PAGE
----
In initial remarks after their failure to close out a nuclear deal, Iranian leaders are crowing over their “success” in not being tricked by dastardly Westerners. It is a response that can be read two ways: president Hassan Rouhani and his cohort will continue to dig in in order to avoid such predictable trickery, thus confounding any near-term future agreement, or it will now start to genuine horse-trade, having proven to hardliners at home that they are alert to Western cunning.
Tehran and the so-called P5+1 yesterday announced that their year of talking had produced no agreement to prevent an Iranian nuclear bomb or cancel economic sanctions—and they agreed to prolong the negotiations through July 1. In a Tehran speech today to clerics, supreme leader Ali Khamenei praised his negotiators for thwarting transparent efforts by the US-led West to pull one over on his country:
In the nuclear issue, America and colonial European countries got together and did their best to bring the Islamic Republic to its knees, but they could not do so—and they will not be able to do so.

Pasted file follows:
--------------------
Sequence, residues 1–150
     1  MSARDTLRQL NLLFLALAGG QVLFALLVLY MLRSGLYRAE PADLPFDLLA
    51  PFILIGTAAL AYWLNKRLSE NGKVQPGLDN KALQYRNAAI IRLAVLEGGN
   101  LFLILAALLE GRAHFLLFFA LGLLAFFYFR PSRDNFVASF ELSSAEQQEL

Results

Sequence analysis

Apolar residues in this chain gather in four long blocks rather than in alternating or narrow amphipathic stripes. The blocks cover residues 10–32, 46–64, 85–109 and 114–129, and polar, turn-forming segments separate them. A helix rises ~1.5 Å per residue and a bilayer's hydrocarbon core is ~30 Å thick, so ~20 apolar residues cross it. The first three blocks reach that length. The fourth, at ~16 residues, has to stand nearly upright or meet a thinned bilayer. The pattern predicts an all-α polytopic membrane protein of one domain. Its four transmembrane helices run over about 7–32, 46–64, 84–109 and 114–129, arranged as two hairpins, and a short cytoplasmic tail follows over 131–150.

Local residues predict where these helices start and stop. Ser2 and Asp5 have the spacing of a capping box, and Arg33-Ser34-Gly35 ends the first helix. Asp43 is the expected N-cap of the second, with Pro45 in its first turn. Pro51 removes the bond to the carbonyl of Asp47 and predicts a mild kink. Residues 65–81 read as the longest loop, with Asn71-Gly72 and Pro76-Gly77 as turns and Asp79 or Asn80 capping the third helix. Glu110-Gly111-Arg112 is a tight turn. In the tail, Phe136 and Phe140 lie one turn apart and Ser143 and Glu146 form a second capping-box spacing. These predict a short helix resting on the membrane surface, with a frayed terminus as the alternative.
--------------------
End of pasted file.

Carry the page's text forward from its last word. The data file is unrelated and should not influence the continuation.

President Hassan Rouhani said Iran had “achieved a significant victory.”
In Parliament, deputy speaker Mohammad Hassan Abutorabi-Fard said Iran’s negotiators had elevated the country’s credibility: “Today, we can speak to the US and its allies with the tone of power.” After that, the entire Parliament joined in a spirited chant of “Down with America.”
All in all, it has been a red-letter day for Iranian pride.
But to what end, this pride?
Khamenei’s remarks suggest that he supports continued talks. But hardliners in the US have expressed various levels of confidence that he is up to no good, and that he is probably stretching out the time for the finishing touches on an atomic bomb.
They may be right; then again, they may not be. In an op-ed in the Wall Street Journal, Karim Sadjadpour, an Iran expert at the Carnegie Endowment, said that Khamenei is probably comforted by the assumption that US president Barack Obama does not want another war in the Middle East—that the US won’t attack Iran—and that, should the talks utterly fail, it is Obama, and not Iran, who would be blamed.
But does that necessary add up to a duplicitous plot? Again, maybe yes, maybe no. The thing to do, Sadjadpour argues, is to feed the desires of ordinary Iranians to get on with their lives, and starve the hardliners’ narrative—to “align with the economic and democratic aspirations of the Iranian people, not merely against the government’s nuclear aspirations.”
As we have previously argued, time favors the US-led side—because of the sanctions and relatively low oil prices, its hand strengthens by the day, while Iranian leverage weakens as the failure to close the deal becomes more expensive.
The playbook remains the same: for Iran, the best thing is to finish a deal fast, as Iranian foreign minister Mohammad Zarif himself argued today; for the US-led side, the most sensible tactic is to relax and understand what it wants.